Singapore Ranks 1st In Overall Score For Food Availability, Accessibility, & Safety

Another day, another survey ranks Singapore in first place.

This time, we were surveyed on food – and food is clearly something we take great pride in.

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The survey conducted by the Economist Intelligence Unit (EIU) and supported by agricultural company Corteva Agriscience ranks 113 countries’ food security through 3 factors:

  • Food affordability — ability to purchase food, and preparation level in case prices increase suddenly
  • Access to food — whether food is sufficient for the population, as well as risk of supplies being disrupted.
  • Safety and nutrition — variety and nutritional quality of diets, and food safety.

Singapore’s overall rating of 87.4 is unchanged from last year.

Here’s the list of the top 10 countries, so you can bask at our rating.

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The full list can be viewed here.

Long list of strengths, zero weaknesses

Affordability is likely boosted by the fact that our hawker centres are extremely cheap as far as prices go. We’re only 2nd to Qatar in that score.

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Affordability also measures the impact on Singaporeans when prices increase suddenly, as well as the measures available when they occur. The government has policies in place as food prices increase around the world, sourcing from more countries than ever for food.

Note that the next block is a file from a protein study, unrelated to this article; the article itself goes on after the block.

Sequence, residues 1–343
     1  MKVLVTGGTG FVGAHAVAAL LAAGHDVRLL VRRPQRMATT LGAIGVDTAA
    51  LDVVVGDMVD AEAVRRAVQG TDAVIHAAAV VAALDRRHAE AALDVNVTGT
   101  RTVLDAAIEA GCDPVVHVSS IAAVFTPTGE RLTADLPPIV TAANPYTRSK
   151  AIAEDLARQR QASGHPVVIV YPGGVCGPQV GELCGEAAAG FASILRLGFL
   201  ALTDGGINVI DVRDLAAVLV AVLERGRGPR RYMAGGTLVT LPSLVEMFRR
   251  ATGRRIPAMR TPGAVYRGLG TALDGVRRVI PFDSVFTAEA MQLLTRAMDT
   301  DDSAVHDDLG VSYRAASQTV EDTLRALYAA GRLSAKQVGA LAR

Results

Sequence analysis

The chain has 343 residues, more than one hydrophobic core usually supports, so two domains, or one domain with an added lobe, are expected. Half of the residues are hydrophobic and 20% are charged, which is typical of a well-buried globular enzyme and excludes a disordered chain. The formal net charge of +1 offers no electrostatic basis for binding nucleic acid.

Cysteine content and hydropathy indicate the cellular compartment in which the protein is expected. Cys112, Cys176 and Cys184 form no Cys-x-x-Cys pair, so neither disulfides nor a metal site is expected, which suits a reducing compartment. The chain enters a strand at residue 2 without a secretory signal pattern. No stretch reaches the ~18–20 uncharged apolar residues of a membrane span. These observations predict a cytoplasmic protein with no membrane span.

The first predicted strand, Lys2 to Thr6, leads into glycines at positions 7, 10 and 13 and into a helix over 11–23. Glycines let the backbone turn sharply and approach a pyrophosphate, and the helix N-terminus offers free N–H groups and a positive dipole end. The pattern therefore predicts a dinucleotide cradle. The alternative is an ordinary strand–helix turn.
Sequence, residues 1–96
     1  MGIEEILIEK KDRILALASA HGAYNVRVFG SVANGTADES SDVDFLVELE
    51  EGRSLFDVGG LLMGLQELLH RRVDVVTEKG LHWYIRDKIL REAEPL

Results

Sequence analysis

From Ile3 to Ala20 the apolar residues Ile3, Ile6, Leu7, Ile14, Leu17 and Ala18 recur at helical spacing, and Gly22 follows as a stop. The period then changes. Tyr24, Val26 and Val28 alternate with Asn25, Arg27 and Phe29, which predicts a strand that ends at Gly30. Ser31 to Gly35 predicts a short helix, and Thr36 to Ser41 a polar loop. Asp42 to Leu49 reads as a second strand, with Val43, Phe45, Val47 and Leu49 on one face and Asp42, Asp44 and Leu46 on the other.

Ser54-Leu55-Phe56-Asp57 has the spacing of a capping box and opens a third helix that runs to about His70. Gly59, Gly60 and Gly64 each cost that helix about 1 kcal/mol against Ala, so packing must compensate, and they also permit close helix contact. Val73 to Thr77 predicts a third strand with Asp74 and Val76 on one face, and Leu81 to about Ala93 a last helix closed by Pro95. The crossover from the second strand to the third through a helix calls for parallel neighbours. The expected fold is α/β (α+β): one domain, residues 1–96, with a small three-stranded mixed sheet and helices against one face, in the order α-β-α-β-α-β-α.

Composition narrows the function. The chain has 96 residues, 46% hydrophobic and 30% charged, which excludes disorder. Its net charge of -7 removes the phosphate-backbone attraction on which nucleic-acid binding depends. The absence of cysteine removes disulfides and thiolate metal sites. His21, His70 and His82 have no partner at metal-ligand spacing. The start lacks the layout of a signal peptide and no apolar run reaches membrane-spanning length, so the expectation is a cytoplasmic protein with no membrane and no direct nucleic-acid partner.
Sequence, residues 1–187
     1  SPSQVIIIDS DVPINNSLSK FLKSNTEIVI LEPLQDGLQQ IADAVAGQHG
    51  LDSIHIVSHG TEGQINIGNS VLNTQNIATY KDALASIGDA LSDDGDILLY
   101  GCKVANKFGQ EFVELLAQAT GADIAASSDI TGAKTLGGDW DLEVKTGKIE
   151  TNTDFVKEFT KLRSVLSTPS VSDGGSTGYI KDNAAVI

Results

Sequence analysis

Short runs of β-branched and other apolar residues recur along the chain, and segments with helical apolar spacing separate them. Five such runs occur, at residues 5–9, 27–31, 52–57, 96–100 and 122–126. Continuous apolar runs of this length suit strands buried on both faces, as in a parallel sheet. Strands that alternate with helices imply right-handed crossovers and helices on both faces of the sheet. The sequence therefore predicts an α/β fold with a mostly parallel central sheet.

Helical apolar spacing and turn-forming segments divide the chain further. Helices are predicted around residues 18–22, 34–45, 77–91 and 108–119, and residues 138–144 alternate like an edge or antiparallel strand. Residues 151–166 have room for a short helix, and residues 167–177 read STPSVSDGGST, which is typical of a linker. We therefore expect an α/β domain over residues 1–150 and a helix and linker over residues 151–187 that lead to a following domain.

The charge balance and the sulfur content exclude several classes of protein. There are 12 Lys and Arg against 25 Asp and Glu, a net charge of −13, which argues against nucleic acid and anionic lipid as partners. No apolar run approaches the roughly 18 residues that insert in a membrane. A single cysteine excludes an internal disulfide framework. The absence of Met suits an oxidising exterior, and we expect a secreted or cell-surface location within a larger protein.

In fact, as Straits Times reports, the Singapore Food Agency (SFA) now imports food from over 180 countries.

This also factors into the availability rating, which Singapore scored 2nd in as well. Singaporeans are not starving – at all. This is a huge achievement considering our complete lack of natural resources.

Nutritional quality can be improved

One thing the survey does not measure is taste. However, as far as nutritional quality go, we perhaps do not get as much as other countries – ranking only 25th out of the 113 countries.

However, the fact that we do not starve is already a major advantage, and the authorities have ensured this over the years.

But the government can’t force people to get a balanced diet – while food is indeed very cheap, we can do more in feeding ourselves not only cheaply, but also healthily.

Featured image adapted from Flickr.